I have a hard cold now, which seems rather out of place in this kind of weather. I hope you are well.
It is getting late and if I don't stop you will be glad that I am tardy in answering letters. With much love,
The Bullis archives contain a number of Nettie Bullis's letters. We have chosen her June 12, 1910 letter for this post--as a reminder of the "lost" art of letter writing as well as its content of Bullis family history.
Document #116 From Nettie to Cousin Eleanor Dated June 12, 1910 Address: Macedon, NY
"My Dear Cousin Eleanor:
If mental telegraphy could but convey our thoughts to our friends you indeed would be gratified with what has been going on in my mind, of you for a long time. An account of innumerable cares and duties, together with my school studies, I am unable to keep up regularly a correspondence with my friends, but I do however, find time to think of them and wish I could have them near to talk with.
How good it seems to see summer again, yet it is so cold that were it not for the green leaves and the flowers, one almost might call it autumn.
I had hoped that I might graduate this June, but my eyes failed me so that hope was abandoned. I am wearing glasses now which are giving me great relief. Two days of our examinations are over, three more days of them this week. Then for a summer vacation I am going forward to it eagerly, for there is so much reading that I want to do could I but find a few leisure moments.
The class colors this year are blue and gold, with the white rose as the flower. The motto is 'Nihil sine labore.' Charles graduated from High School last year, and has not been going to school this year, which I fear has caused aunt Lydia considerable worry.
What have you been reading lately? Though I presume your school studies keep you so busy that you find but little time to indulge in such pleasures as reading.
Whenever papa goes to Rochester, (at least once a month) he comes home with four or five new books.
I am sorry that I could not have seen you again, that summer you were in Macedon, for I felt that if we could have had a visit by ourselves we would have become better acquaintences with each other.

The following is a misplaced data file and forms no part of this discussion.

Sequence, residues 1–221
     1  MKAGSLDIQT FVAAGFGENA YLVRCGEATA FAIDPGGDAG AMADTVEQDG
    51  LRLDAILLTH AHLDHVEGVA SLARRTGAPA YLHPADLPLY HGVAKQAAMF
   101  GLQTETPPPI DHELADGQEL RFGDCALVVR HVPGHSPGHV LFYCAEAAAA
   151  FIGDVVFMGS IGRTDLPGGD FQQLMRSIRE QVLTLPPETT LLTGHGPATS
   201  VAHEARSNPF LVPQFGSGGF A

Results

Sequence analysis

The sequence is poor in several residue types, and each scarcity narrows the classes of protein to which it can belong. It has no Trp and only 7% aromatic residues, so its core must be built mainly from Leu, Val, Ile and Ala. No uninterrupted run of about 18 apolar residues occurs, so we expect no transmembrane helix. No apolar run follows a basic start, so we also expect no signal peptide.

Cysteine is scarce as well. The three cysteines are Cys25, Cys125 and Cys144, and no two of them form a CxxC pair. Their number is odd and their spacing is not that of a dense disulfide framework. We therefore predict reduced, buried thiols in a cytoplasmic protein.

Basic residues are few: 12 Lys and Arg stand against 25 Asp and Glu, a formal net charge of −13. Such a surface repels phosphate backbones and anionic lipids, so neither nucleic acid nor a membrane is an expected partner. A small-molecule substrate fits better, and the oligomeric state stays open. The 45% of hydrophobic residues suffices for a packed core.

Did you go to the Brown University when you got through at the Friends School? I have heard and read quite a little about this university lately, and have taken an interest in it.
Maud said they were looking for aunt Lydia any day, that magazines had been coming for some time. Aunt Helen and Uncle Stephen are taking a rest at Medina for a few days.
I hope that you will forgive me my tardiness in writing, and favor me with a letter.
On this day 150 years ago Abraham Lincoln's life was ended by an assassin's bullet. Rather than think about that tragedy, let's spend some time remembering the life of that great president. Many books have been written about Lincoln, and we're recommending to you one that is in the Bullis Collection:
Lincoln and Men of War Times
by A. K. McClure
published in Philadelphia by The Times Publishing Co., 1892
A. K. McClure wrote from his perspective as an editor of the Philadelphia Times and a Republican powerbroker of the day. He included in his book a facsimile of Lincoln's May 23, 1860 letter to the president of the Republican National Committee, in which he accepted their nomination of him as its presidential candidate for that year.
Please visit us in the Bullis Room to look through this book and learn more about our country's 16th president. (And while you're there, please browse through some of the other great books on the shelves.)
Published in 1885-86 by C. L. Webster & Co. in New York, this two-volume edition contains plates, maps and facsimiles that help tell the story of Ulysses S. Grant's military career during the Mexican-American War and the American Civil War.
You can stop by the Bullis Room and read this biography from cover to cover, if you wish, or focus on Grant's account of his American Civil War experiences.
This is a good time to refresh and add to our knowledge of the war between the states, since this month is the 150th anniversary of General Robert E. Lee's surrender to General Ulysses R. Grant at Appomattox Court House in Virginia.
And - just a reminder - the shelves in the Bullis Room contain a number of other good books on the American Civil War. If you stop by, we'll lead you to them.